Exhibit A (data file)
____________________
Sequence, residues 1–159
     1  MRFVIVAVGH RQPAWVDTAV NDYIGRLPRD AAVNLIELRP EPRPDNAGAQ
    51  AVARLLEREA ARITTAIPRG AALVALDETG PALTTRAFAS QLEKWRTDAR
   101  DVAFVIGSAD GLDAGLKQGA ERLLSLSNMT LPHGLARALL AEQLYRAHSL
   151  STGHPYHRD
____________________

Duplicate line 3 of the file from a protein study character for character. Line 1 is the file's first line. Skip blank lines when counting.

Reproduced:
    51  AVARLLEREA ARITTAIPRG AALVALDETG PALTTRAFAS QLEKWRTDAR